25. The system according to claim 24, further comprising a reference inductor connected to receive an excitation signal that is also supplied to said transmitting electrode, said reference inductor developing a signal applied to a test input to said voltage detector means, said developed signal of said reference inductor serving as a reference standard signal used to calibrate said voltage detector means.
26. The system according to claim 24, wherein said frequency generater comprises an oscillator that generates a signal having a frequency in the range of about 5 khz to about 40 Mhz.
27. The system according to claim 24, wherein said at least one receiving electrode comprises a first and a second electrode each spaced-apart from said transmitting electrode by a different distance and each different distance being selected to measure a predetermined thickness of ice.
28. The system according to claim 24, wherein said spaced apart transmitting and receiving electrodes are within an enclosure selected from a group comprising a housing formed by a sheet of plastic, a housing formed by a sheet of polyethylene, and a housing formed by an internal surface of said surface of interest.
29. The system according to claim 24, wherein said spaced apart transmitting and receiving electrodes comprise a configuration selected from the group comprising a parallel linear arrangement, a sinusoidal arrangement, and a curving arrangement all of which arrangements substantially cover said first surface of interest.
30. A deicing fluid effectiveness monitoring subsystem capable of being affixed onto a surface of interest comprising:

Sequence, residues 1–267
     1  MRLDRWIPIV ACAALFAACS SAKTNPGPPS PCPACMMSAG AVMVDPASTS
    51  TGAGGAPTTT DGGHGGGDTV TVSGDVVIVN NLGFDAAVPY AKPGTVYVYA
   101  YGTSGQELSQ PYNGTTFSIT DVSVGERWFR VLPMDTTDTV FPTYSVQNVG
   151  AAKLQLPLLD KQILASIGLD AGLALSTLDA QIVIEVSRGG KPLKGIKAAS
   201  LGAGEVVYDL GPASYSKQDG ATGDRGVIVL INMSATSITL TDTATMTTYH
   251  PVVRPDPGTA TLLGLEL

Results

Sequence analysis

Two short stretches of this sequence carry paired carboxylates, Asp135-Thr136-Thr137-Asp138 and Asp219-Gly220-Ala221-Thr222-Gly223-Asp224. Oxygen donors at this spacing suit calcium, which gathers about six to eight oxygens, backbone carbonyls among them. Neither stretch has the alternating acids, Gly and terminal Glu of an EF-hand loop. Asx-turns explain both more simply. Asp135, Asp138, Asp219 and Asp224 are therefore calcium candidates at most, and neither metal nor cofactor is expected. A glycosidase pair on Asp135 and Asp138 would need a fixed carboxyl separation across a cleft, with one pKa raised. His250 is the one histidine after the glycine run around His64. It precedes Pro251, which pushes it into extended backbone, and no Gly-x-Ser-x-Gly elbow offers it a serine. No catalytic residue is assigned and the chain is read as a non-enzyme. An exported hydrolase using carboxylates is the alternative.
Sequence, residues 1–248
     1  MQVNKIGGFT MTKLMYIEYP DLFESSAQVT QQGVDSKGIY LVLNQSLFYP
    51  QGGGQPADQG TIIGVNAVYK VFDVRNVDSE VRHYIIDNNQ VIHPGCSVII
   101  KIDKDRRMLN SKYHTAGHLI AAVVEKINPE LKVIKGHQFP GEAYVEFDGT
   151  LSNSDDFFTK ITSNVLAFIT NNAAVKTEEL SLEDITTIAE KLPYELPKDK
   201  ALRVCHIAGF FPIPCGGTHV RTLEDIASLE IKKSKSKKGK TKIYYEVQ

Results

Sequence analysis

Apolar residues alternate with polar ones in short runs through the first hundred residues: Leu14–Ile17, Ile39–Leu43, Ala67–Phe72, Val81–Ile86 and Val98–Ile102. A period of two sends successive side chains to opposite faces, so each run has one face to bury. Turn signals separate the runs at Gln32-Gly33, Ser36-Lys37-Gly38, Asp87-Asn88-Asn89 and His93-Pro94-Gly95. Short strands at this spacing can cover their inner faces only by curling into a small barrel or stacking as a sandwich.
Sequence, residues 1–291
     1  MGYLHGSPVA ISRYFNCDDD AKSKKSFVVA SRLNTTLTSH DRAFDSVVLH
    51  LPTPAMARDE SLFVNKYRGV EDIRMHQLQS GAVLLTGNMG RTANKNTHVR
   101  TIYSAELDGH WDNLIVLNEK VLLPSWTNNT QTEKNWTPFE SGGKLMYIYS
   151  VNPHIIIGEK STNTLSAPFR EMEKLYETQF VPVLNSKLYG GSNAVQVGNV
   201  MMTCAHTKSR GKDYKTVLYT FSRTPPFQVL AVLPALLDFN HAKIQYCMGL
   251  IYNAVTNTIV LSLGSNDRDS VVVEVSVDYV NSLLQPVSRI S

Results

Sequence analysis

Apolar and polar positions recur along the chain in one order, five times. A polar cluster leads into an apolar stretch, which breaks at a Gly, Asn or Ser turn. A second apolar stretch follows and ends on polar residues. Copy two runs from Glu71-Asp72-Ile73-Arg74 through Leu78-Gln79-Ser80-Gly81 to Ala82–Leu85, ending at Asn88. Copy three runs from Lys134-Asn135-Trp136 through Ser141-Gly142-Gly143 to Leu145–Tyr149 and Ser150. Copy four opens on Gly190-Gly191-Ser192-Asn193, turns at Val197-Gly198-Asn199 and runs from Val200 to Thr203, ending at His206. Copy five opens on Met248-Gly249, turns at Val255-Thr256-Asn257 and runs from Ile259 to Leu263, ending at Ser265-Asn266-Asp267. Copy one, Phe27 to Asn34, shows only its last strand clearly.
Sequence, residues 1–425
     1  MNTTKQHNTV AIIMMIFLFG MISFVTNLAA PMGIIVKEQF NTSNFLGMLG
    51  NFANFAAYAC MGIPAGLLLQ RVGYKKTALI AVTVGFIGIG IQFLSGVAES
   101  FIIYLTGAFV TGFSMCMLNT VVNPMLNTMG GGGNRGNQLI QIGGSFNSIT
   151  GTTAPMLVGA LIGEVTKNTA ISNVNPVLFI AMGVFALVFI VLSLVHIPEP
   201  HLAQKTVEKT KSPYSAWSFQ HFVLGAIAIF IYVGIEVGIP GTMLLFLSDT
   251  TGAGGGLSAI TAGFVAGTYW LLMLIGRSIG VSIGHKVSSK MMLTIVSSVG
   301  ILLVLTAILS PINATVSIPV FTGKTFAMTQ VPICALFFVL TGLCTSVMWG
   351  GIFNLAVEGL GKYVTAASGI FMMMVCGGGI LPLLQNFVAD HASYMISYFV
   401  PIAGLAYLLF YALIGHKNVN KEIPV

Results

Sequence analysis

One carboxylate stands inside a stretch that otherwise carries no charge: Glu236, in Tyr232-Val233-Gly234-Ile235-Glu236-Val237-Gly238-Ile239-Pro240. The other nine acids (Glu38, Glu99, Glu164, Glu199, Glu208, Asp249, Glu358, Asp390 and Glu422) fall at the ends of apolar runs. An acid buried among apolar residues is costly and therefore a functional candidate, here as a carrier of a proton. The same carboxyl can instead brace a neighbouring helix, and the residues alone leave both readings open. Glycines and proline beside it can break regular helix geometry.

(a) an ionic-conduction cell array mounted onto said surface of interest, said ionic-conduction cell array having a common electrode and a selectable electrode for each cell of said ionic-conduction cell array;
(b) means for measuring a temperature located proximate said ionic-conduction cell array;
(c) means for individually selecting cells of said ionic-conduction cell array, said selecting means applying a first polarity of an excitation signal to said common electrode and a second polarity of said excitation signal to said individually selected cell of said ionic-conduction cell array, said application of said first and second polarities of said excitation signal causing said individually selected cell to generate a signal indicative of a conductivity of a substance that spans between the individually selected cell and said common electrode.
31. The deicing fluid effectiveness monitoring system according to claim 30 further comprising a resistance bridge means connected to receive said signal indicative of the conductivity of said substance, said resistance bridge means generating an output signal representative of an ionic conductivity of a substance in contact with said individually selected cell of said ionic-conduction cell array.
32. The system according to claim 31, further comprising a reference resistive element connected as a test input of said resistance bridge means and supplying a reference standard used to calibrate said resistance bridge means.
33. The system according to claim 31, wherein said selectable electrodes for each cell of said ionic-conduction cell array are encircled by a gap having a width of about 1 mm to about 2 mm and said selectable electrodes are spaced apart from each other by a distance of about 1 cm.
34. The system according to claim 30, wherein each of said common electrodes and said selectable electrodes comprises platinum.